City College (class of 2020) graduate Alonzo Harvey had his choice of several University of California campuses to attend before transferring this fall to UC Berkeley and continuing a journey he envisions leading to law school and a career as a criminal justice lawyer. Harvey’s motivation? He came out of prison convinced the system is rigged against people of color and determined not only to dispel the notion of being another statistic, but rather a change agent.
City College, which he calls the “Mecca of social justice,” was a perfect match.
“City is a progressive campus with a raw and authentic community-based culture,” said Harvey, who was active with Umoja, City Scholars and the A2mend. “The counselors, the professors, they’re all invested in you, they’re all personal mentors, they understand the politics that you’re dealing with and what’s going on in today’s world. The faculty are accessible and understanding, and it was a great decision to come here.”
The focus on restorative justice comes as both the public and policymakers are being made increasingly aware of the injustices of the justice system. According to the Public Policy Institute of California, in 2017, the year of most recent data, 28.5% of the state’s male prisoners were African American — compared to just 5.6% of the state’s adult male residents, and the imprisonment rate for African-American men is 4,236 per 100,000 people — which is 10 times the imprisonment rate for white men. The imprisonment rate for Latino men is more than double the rate for white men. Similarly, among female prisoners, 25.9% are African American compared to only 5.7% of the state’s Black female population.
With the COVID-19 pandemic straining the state’s jails and prisons, demand for restorative justice programs is certain to grow. During the early days of the pandemic, the San Diego County Sheriff’s Department granted early release to approximately 1,200 inmates incarcerated for nonviolent misdemeanors or with fewer than 60 days remaining on their sentences. The California Department of Corrections and Rehabilitation, meanwhile, expedited the release of approximately 3,500 inmates who were not a registered sex offender or currently serving time for a violent crime or domestic violence, and in August predicted as many as 17,600 California inmates could be freed early due to the pandemic.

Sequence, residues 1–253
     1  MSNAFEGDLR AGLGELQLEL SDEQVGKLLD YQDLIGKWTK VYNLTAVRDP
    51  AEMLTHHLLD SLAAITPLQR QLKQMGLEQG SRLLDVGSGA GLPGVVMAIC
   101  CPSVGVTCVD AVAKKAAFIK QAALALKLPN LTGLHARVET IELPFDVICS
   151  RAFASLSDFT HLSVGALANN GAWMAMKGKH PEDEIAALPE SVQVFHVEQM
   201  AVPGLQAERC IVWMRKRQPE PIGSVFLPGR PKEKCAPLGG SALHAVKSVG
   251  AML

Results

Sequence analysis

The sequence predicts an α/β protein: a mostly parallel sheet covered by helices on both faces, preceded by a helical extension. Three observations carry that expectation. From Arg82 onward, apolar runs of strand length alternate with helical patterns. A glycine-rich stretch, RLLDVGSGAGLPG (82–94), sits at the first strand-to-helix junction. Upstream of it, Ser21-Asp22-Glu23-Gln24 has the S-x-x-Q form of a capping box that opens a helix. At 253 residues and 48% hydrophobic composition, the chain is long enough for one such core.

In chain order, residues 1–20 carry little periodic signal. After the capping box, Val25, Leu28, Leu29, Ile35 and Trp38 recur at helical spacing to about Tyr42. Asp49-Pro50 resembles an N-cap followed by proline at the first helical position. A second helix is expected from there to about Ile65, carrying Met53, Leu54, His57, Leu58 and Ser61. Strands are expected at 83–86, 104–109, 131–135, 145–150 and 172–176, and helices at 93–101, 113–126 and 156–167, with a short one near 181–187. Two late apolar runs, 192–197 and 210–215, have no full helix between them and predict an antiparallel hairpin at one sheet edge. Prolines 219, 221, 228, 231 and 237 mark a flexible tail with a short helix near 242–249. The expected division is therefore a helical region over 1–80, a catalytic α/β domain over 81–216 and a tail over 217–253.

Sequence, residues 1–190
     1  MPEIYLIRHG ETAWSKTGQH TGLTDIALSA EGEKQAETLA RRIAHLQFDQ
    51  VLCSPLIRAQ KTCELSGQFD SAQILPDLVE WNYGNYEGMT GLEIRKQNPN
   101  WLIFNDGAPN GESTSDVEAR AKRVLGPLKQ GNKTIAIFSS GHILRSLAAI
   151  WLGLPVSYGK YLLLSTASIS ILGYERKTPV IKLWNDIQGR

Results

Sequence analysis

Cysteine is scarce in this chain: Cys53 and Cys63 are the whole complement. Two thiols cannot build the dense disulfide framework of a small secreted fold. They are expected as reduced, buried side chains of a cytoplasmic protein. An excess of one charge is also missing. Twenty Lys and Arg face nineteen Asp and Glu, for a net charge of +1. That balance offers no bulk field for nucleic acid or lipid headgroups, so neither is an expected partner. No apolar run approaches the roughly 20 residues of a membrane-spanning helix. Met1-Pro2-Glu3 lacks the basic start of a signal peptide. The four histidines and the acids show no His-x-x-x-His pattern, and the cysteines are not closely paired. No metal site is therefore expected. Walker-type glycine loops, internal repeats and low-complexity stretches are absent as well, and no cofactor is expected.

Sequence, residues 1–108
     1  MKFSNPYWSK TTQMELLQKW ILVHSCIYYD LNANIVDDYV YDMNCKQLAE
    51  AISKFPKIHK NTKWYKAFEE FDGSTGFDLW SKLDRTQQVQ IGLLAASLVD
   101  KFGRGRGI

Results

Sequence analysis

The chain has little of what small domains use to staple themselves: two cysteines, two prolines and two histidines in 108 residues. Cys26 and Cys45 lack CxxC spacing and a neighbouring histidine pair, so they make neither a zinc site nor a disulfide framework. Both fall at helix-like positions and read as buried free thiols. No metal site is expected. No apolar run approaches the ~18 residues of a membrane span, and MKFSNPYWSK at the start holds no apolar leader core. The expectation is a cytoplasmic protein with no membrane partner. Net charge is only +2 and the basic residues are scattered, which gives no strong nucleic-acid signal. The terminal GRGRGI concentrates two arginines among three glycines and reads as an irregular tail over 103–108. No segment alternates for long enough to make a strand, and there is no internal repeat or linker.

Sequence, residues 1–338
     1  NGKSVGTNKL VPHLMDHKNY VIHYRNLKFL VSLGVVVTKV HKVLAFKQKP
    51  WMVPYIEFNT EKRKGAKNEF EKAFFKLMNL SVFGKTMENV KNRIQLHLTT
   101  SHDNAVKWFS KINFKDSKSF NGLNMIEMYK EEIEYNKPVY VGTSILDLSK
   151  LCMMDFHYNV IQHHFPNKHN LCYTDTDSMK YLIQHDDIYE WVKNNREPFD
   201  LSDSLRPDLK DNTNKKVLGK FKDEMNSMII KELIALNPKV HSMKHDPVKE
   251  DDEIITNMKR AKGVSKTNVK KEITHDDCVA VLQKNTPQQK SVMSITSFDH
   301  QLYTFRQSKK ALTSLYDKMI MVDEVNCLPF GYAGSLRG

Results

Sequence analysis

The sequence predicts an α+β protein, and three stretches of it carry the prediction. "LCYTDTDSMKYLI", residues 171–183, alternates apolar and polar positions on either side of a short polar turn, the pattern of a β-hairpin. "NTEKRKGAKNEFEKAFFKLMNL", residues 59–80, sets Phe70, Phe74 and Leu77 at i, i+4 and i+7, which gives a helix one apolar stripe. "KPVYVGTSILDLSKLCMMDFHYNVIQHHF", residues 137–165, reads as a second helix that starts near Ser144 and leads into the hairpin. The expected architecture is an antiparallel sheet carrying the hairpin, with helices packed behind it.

Education is the key to a new path forward. According to a 2012 report by the California Department of Corrections and Rehabilitation, more than 65% of those released from California’s prison system return within three years, many unable to succeed because they lack the high school or college education that can lift them into a more sustainable socioeconomic situation.
When looking at education versus incarceration, the cost speaks for itself. According to 2017 data, the cost per inmate in California totaled about $75,560, which is more per year than tuition, fees, room and board, and other expenses to attend Harvard, a cost far greater still than at a California community college.
“There’s a need to support this population,” said Andre Jones, who serves as faculty advisor for the Urban Scholars Union and counselor for City Scholars at City College. “There’s a need to help these students connect, integrate, and navigate, help build a community so they don’t feel like they’re alone.
“The formerly incarcerated are as passionate and motivated as any student on campus to succeed, and we’re here to remove any barriers keeping them from getting the education they are seeking as a passport to a better life. We encourage all our students to take advantage of the services that are out there, because there are a lot of services out there.”